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Crossword clues for wit

Longman Dictionary of Contemporary English
a ready wit
▪ an intelligent man with a ready wit
addle sb’s brains/wits
▪ All that drink has addled his brains!
caustic wit/comments/remark etc
▪ Eliot appreciated Pound’s caustic wit.
pit your wits against sb (=compete against someone using your intelligence or knowledge)
▪ Pit your wits against family or friends!
scared witless/out of your witsinformal (= extremely scared)
▪ She admitted she was scared witless.
▪ Sir Brian is loud-mouthing Sir Bernard, who is assaulting the other five with caustic wit.
▪ He quickly built up a reputation for his dry wit.
▪ He was a dour Yankee, tall, confident, elegant, with a dry wit and aristocratic tastes.
▪ Mr Andreotti has been cleared in two trials, and is now a chat show regular with a dry wit.
▪ He was a brilliant improviser with a dry wit and a masterly sense of timing.
▪ He was 24, highly intelligent, could drink Malc under the table and had a dry, lightning wit.
▪ He reminded me of Benjamin with his dry wit, sardonic observations and palpable honesty.
▪ Shabba's dominance of reggae is due to his unique voice, strong personal style and quick wit.
▪ Sylvie, tempered with Mathilde's quick wits and humour.
▪ Shrewd in business, he had a ready wit and a distinctive appearance, with a full beard and piercing eyes.
▪ Our offer of riches beyond dreams still stands for those deft with pen and sharp of wit.
▪ Revealing his conclusion would spoil the fun because Hitt tells his story with a deft touch and a sharp wit.
▪ Her poor academic record was traded in for the sharpest of wits, her gaucherie for poise.
▪ Ice creams and lollies seem to benefit from the sharp wit of its frosting.
▪ The blood in my veins ran high and my usually sharp wits dulled.
▪ Lapworth was retiring, generous, especially to his students, and sincere, though he had a sharp wit.
▪ I tried to collect my wits for the arrival.
▪ Knowing the cat as well as she did, Mildred could see that, despite its size, it was frightened out of its wits.
▪ Maura, tears running down her face, was frightened out of her wits.
▪ There is a beautiful little iron-grey mare here that Alejandro has frightened out of her wits and says is too wet for polo.
▪ It is gone even before the predator can gather its wits and make chase.
▪ I felt helpless, but tried to gather my wits.
▪ He remained still and tried to gather his wits.
▪ She slowly gathered her wits, and looked round.
▪ Individually or collectively, they must have made a decision to keep their wits about them for the committee meeting.
▪ His expression kept changing-irony, wit, envy.
▪ For Winnie herself, it required the tightest hold, the fumes of the stuff, to keep her wits about her.
▪ Anyway, she had to keep her wits about her.
▪ If I had kept my wits and remained coherent I would probably have realised the manager's job was third prize.
▪ Freddie lived by his wits and he was involved with many shady characters.
▪ Days when there were no news sensations the newsboys lived by their wits.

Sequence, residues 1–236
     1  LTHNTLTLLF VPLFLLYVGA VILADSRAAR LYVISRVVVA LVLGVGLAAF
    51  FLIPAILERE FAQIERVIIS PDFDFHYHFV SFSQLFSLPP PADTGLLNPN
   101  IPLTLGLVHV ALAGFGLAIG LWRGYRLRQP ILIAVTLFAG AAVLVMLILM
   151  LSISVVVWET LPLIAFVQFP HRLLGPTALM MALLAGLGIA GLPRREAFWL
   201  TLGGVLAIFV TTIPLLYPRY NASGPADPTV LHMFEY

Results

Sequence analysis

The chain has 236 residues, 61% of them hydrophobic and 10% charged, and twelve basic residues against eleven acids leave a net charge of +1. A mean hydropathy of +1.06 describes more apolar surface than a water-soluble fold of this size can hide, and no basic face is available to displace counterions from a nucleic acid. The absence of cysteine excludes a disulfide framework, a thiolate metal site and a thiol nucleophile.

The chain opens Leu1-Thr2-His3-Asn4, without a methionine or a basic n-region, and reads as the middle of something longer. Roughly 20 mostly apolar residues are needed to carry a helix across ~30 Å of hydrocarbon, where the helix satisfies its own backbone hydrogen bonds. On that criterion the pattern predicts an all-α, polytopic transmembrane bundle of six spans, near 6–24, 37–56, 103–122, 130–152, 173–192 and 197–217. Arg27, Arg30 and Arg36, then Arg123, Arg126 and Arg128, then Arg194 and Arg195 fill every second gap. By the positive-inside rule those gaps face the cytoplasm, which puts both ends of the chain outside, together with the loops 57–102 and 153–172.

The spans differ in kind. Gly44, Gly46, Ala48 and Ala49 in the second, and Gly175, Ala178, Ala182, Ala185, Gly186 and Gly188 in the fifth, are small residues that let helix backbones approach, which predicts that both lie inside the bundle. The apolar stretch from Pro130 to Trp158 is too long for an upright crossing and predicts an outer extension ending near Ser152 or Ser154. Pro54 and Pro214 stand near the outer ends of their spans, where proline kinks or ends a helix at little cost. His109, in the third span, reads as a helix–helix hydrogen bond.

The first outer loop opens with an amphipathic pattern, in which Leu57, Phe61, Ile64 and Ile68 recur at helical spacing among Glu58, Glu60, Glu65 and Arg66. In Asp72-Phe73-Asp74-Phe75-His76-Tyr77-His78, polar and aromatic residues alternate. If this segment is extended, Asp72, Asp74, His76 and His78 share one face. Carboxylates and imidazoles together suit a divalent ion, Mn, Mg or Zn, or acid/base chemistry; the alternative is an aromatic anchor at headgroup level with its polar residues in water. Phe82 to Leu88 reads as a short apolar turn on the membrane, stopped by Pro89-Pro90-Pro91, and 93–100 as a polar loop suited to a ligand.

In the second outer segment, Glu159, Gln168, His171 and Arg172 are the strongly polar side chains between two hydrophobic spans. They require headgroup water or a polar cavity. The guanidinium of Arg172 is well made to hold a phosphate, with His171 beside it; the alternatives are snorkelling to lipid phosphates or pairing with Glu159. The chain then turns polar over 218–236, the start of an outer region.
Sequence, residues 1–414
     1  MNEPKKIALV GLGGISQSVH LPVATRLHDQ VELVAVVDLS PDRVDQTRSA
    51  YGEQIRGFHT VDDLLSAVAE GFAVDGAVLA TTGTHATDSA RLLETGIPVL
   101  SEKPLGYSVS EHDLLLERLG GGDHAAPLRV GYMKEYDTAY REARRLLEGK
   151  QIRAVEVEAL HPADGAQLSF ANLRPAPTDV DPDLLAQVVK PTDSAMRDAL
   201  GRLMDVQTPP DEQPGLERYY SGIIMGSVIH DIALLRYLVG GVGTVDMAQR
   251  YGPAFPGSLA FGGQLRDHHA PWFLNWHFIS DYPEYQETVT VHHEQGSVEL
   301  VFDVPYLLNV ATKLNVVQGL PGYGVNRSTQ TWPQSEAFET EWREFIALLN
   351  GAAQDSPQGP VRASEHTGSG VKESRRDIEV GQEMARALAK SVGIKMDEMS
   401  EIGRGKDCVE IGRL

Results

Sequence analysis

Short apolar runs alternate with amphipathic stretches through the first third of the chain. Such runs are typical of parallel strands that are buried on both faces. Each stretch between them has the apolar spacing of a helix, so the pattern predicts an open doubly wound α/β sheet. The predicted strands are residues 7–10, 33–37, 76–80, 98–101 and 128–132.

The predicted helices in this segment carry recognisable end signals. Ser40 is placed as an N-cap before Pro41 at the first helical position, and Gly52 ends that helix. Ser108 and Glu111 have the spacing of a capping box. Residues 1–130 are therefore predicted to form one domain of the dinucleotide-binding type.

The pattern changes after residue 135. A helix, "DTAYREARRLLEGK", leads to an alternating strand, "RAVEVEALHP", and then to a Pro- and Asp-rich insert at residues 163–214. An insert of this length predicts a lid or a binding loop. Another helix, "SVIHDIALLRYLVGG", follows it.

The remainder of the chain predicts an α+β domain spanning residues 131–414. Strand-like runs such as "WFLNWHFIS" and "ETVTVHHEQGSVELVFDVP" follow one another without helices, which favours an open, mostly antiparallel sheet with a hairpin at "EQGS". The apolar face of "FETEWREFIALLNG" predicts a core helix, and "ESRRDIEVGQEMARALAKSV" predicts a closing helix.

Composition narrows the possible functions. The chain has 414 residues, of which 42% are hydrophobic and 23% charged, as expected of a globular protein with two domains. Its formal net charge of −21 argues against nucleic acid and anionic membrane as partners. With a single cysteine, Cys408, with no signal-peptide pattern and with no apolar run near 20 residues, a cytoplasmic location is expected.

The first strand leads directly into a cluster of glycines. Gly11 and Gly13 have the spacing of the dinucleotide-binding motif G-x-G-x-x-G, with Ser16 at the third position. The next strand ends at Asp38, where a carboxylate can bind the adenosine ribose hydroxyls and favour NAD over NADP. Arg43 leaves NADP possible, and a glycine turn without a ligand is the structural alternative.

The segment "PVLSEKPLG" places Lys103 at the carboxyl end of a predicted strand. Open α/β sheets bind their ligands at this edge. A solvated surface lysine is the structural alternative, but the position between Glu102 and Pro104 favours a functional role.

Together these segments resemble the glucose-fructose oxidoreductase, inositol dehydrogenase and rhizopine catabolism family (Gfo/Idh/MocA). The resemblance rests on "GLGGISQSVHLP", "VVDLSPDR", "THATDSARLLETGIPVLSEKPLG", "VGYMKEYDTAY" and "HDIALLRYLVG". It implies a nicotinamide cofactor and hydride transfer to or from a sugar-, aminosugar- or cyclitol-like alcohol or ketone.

▪ At first, I lived on my wits.
▪ But in 1749 he committed a greater indiscretion when he left Cambridge for London, to live on his wits.
▪ Many 16 to 18-year olds are living off their wits and on the streets.
▪ I'd live off my wits even though I've geared myself to be a footballer.
▪ She would need all her wits about her.
▪ Whatever type of change you are dealing with, you need your wits about you.
▪ She needed all her wits and what was left of her strength in order to follow the grand plan.
▪ He knew their conversation had become interrogation and he would need all his wits about him.
▪ She would need all her wits if she were to stand any chance of getting away from him.
▪ When an emergency situation arises the pilot needs all his wits about him.
▪ Jill and Oz will pit their wits against each other, as they try to identify mystery wines.
▪ Suddenly, I heard a loud crash near me, scaring me out of my wits.
▪ People especially like to pat foals, and unfortunately usually on their face or head, which scares the wits out of them.
▪ It also came with a neighbor who scared the wits out of me, but about whom I was curious.
▪ They had seen the knuckles come out of the silken wrapping and the force of it scared their wits back into good manners.
▪ The film has gotten good reviews, but it has scared the wits out of some male film critics.
▪ I was terrified out of my wits at the very idea.
▪ Evidently terrified out of her wits, she had become delirious, mumbling incomprehensibly, her hands rubbing her stomach.
▪ He now used money where he had once used his wit.
▪ My passenger had had a lucky escape that night; he had used his wits well and survived another fight.
▪ The first of them is to use his wits.
▪ Basically, the expression means to use your wits to assess what you are being told.
a battle of wits
a nimble mind/brain/wit
live by your wits
▪ The city's homeless live completely by their wits.
▪ Days when there were no news sensations the newsboys lived by their wits.
▪ Freddie lived by his wits and he was involved with many shady characters.
mordant wit/satire/humour
▪ He showed his willingness to trade his mordant wit for the required political cliches.
▪ A dozen writers and wits used to gather at the Algonquin Hotel for lunch.
▪ He seemed to have everything you could want in a man -- intelligence, wit, good looks and charm.
▪ Oscar Wilde was a famous wit.
▪ People love him for his wit and charm.
▪ Rochester was well known as a wit in society circles.
▪ The wit and irony of the original novel has been lost in the film version.
▪ But then Farah did everything with style and wit courtesy.
▪ He did not hide his opinions in wit as Franklin or in fuzziness as Washington had.
▪ He remained still and tried to gather his wits.
▪ His limpid style and flashes of wit overcame Labour heckling, tickled the press and brought a smile to jaded Tory backbenchers.
▪ People especially like to pat foals, and unfortunately usually on their face or head, which scares the wits out of them.